Warren Buffett Candy Tour Charity Auction Raises $156,000

Warren Buffett Candy Tour Charity Auction Raises $156,000

Jack Staub, a California engineer and business owner, placed the winning $156,000 bid on a charity auction to attend an all-you-can eat tour of Berkshire Hathaway's See's Candy factory that includes meeting Warren Buffett.

Staub's bid clocked in at more than double the auction's estimated $75,000 value, but the Californian is happy to be donating to Communities in Schools -- Los Angeles, a nonprofit organization focused on providing students with the support they need to complete their studies and succeed in life. He was quoted in the press release on the auction as saying that:

Jade [Staub's wife] and I were very impressed with Communities In Schools of Los Angeles and their focus on underserved kids. Last year we lost a dear friend, Kathy Godshalk, to cancer. Kathy taught math at Cypress College (a community college serving the LA-OC area) and proved supporting our future generations through education, caring, and guidance makes an enormous difference. We would like to keep the cycle going through this worthy cause.

Staub will attend the tour with his wife and two children, where Buffett will "demonstrate the only acceptable way to eat a bonbon," according to auctioneer CharityBuzz.com.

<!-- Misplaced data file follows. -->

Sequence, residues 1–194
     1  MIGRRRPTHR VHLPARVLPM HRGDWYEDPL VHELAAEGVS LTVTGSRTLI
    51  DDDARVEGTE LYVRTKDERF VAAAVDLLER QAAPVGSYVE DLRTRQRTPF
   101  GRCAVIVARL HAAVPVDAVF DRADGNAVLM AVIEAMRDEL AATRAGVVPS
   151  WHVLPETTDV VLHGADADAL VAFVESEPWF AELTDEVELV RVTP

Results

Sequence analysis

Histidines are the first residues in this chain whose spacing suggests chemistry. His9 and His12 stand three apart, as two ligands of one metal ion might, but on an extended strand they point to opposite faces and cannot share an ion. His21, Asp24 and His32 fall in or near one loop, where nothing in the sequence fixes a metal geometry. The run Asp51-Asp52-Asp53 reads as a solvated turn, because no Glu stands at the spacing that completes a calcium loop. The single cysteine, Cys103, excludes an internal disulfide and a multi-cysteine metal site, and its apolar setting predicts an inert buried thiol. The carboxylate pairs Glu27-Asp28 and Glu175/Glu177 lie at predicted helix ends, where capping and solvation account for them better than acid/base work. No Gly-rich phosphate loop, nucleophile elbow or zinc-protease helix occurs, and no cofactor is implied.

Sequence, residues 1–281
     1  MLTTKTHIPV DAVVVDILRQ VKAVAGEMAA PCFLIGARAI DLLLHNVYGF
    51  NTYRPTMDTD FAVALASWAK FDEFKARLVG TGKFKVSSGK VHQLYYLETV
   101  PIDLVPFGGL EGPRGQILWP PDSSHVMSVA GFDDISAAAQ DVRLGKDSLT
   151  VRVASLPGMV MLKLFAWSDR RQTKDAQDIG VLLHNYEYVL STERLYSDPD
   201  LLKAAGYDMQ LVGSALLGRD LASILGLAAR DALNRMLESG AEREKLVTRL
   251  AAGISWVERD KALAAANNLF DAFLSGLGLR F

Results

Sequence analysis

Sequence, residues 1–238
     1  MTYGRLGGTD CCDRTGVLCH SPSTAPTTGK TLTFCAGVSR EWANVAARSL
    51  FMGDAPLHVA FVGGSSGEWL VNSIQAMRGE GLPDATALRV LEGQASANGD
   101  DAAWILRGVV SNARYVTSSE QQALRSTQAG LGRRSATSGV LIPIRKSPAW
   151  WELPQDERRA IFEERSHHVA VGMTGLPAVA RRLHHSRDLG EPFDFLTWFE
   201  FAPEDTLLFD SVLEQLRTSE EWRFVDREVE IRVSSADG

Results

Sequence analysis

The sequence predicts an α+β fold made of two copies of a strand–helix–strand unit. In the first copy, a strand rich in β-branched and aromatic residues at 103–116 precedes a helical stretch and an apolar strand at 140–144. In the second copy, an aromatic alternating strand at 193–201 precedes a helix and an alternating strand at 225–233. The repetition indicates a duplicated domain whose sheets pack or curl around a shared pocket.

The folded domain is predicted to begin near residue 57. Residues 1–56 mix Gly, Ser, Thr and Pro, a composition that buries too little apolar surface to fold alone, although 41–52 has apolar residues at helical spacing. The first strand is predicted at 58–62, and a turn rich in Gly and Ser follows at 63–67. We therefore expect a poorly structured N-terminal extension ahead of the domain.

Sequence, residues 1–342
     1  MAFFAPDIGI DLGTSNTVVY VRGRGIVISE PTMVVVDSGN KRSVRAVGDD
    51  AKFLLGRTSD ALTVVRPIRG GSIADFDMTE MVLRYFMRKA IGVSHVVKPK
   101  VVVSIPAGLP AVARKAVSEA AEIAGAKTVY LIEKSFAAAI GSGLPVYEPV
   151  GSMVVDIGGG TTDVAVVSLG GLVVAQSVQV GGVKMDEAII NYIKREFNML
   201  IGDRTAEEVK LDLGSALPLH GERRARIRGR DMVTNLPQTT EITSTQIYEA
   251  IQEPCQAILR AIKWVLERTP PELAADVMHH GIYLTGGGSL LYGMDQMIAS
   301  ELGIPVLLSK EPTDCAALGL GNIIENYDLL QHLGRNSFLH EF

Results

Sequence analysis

According to the "fine print" section of the Charitybuzz posting, Buffett will not be guiding the tour and "The winner may take a photo. The winner can take something small to be signed. Cannot be resold or re-auctioned. Cannot be transferred."


The article Warren Buffett Candy Tour Charity Auction Raises $156,000 originally appeared on Fool.com.

Fool contributor Justin Loiseau owns shares of Berkshire Hathaway and eats lots of chocolate. You can follow him on Twitter, @TMFJLo, and on Motley Fool CAPS, @TMFJLo.The Motley Fool recommends and owns shares of Berkshire Hathaway. Try any of our Foolish newsletter services free for 30 days. We Fools don't all hold the same opinions, but we all believe that considering a diverse range of insights makes us better investors. The Motley Fool has a disclosure policy.

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